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This could have almost come out of Thus spake Zarathustra, in which “man is overcome and the concept Übermensch becomes the greatest reality”. Hannibal, as we know, spends his time helping the region’s many serial killers and tormented psychotics to “become” their greater selves. As a leading forensic psychiatrist, he is familiar with, and often therapist to, most of those who will be pursued by the FBI. Like Nietzsche, who said that “Zarathustra, as the first psychologist of the good man, is perforce the friend of the evil man”, Hannibal is drawn to these violent individuals, not to cure them but to see if they can become a higher form – an Übermensch.

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Now we get into the episode’s killing time and, again, there is engastration involved. This time, a vet examining a dead horse finds she was not pregnant, but has a dead woman sewn inside her. Now, that’s worth calling the FBI for.

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Hannibal is still acting as murderer-interpreter, despite having said he was retiring last episode. He sees that the woman is inside the horse for a reason:

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Yeah, where have we heard that before? Ah yes, Jame Gumb (Buffalo Bill) in Silence of the Lambs, who put a moth chrysalis into the throat of each victim, as they ‘gave’ their skin to assist his becoming a woman.  But what was this woman supposed to become? She’s pretty dead.

Look, this whole woman in horse plot is a bit silly, so we get to meet another really important character family: the Vergers. We don’t see Mason yet, who will be the main antagonist later, but we hear him as he rapes his sister, Margo, saying

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Since we’ve all read the book or seen the film Hannibal, we know that Mason used to give poor kids chocolate at his father’s poor-kids’-camps, just before he abused them. So, Margo has changed (in the book she is a weight-lifting lesbian, who would be less prone to submit to Mason’s perverse desires, but the bodybuilding lesbian is such a stereotype). Now she is very cute, and we figure someone is going to fall for her, and that someone’s gonna be Will, because we suddenly see a filmy love scene, apparently inspired by the impressionistic sex scene in the film Fight Club, which turns out to be Alana and Hannibal. Is Hannibal bi, or just using her? Best not to talk about it.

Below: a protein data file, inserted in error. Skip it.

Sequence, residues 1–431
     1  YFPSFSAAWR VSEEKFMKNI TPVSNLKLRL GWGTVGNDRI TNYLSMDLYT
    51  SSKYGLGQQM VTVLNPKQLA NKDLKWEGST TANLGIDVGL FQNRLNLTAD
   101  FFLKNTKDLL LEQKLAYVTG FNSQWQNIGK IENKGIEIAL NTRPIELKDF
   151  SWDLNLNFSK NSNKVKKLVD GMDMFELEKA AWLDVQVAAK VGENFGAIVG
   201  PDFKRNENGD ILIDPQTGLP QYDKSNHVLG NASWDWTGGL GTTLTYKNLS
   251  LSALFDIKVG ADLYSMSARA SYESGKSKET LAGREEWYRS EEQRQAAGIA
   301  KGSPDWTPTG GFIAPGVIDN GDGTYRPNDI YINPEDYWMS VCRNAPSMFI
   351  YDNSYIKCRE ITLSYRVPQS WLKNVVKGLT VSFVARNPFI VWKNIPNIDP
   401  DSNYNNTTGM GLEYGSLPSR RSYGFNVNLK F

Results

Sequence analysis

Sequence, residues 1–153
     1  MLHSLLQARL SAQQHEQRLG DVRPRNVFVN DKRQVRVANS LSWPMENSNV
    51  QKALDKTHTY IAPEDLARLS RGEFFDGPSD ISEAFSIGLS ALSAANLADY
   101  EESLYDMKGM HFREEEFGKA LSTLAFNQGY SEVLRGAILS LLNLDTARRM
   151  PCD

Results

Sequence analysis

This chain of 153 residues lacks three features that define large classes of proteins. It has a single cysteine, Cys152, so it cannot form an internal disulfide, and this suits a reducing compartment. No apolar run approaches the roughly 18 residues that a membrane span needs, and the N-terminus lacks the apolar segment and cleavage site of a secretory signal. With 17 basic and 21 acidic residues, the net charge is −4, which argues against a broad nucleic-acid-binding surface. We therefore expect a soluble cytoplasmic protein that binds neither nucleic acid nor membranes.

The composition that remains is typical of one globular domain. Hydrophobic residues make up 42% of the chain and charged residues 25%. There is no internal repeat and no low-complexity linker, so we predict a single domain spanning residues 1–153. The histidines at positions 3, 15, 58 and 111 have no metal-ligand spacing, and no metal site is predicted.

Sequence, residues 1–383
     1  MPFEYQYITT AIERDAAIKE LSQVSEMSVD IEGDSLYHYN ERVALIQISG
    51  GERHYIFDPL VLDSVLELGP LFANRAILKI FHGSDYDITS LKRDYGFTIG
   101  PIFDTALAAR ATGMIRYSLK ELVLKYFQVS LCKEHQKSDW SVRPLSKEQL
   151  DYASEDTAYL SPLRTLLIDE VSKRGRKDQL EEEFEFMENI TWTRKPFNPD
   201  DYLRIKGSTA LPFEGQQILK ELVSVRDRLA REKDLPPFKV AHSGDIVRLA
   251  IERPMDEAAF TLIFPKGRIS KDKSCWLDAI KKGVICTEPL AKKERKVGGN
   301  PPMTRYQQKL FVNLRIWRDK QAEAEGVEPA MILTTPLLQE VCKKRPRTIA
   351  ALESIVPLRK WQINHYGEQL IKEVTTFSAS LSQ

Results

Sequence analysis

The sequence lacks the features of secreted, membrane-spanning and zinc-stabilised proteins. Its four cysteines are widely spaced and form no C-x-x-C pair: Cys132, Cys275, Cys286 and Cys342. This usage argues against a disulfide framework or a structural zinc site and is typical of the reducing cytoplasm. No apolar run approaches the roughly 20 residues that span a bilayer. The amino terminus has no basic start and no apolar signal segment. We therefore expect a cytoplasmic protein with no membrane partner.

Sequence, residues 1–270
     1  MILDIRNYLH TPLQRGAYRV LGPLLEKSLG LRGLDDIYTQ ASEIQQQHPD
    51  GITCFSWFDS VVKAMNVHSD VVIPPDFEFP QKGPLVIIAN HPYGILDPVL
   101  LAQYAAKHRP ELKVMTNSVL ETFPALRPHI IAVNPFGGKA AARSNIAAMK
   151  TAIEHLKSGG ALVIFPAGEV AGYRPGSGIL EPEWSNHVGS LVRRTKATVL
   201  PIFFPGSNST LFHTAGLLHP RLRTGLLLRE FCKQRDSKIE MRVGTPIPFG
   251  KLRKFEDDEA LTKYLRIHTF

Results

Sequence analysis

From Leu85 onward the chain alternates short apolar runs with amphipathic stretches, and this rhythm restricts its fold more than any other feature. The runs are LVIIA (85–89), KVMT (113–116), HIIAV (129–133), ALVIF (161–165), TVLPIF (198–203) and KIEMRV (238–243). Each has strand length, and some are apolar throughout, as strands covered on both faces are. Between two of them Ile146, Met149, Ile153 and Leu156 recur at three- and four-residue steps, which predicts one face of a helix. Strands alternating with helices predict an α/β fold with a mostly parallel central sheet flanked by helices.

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Hannibal has his own hopes for Margo Verger, including a course of Übermensch 101, which is – get them to kill someone. In this case, her abusive and filthy rich brother.

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Alana really likes to talk about stuff in bed, much to Hannibal’s obvious distaste.

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The woman in the horse’s uterus is on the slab, very dead, giving the BAU (Behavioral Analysis Unit) guys a chance to get some cannibal talk in.

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But hey, there’s a heartbeat! Is this the birth that Hannibal predicted? They open her up, crack apart the ribs, and a bird flies out. Birth, resurrection, growth, all basic issues in Hannibal and the rest of Western literature.

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And we’re not finished with inside/outside dualisms and engastration. The bird in the woman in the horse was meant to be her rebirth, and Hannibal points out to Will:

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Will has found out that “doing bad things to bad people makes you feel good”, a truth that Hannibal emphasises to him, and also to Margo, who has been dehumanised by her brother, and since then by her family, who consider her weird. She’s come to the right analyst here:

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But does Will still want to kill Hannibal?

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Oh, yes, the sub-plot. The psychopath killing people is the social worker of the guy who sewed the woman into the horse, hoping for a rebirth. Those two, of course, must have their confrontation. It results in one of the great lines of the show:

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He’s certainly in there, but he’s not dead, and tears his way out of the horse’s uterus just as Hannibal is bonding with a sheep, a nod to the original theme of Silence of the Lambs.